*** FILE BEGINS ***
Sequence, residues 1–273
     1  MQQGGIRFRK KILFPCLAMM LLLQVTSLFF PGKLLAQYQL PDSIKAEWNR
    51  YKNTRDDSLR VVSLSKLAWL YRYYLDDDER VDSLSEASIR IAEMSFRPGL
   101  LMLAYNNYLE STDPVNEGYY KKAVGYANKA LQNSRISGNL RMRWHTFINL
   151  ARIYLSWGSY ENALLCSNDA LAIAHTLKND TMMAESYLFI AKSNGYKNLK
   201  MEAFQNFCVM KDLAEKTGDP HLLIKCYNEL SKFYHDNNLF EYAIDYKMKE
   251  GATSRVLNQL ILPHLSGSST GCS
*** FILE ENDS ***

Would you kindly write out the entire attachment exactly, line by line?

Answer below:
Sequence, residues 1–273
     1  MQQGGIRFRK KILFPCLAMM LLLQVTSLFF PGKLLAQYQL PDSIKAEWNR
    51  YKNTRDDSLR VVSLSKLAWL YRYYLDDDER VDSLSEASIR IAEMSFRPGL
   101  LMLAYNNYLE STDPVNEGYY KKAVGYANKA LQNSRISGNL RMRWHTFINL
   151  ARIYLSWGSY ENALLCSNDA LAIAHTLKND TMMAESYLFI AKSNGYKNLK
   201  MEAFQNFCVM KDLAEKTGDP HLLIKCYNEL SKFYHDNNLF EYAIDYKMKE
   251  GATSRVLNQL ILPHLSGSST GCS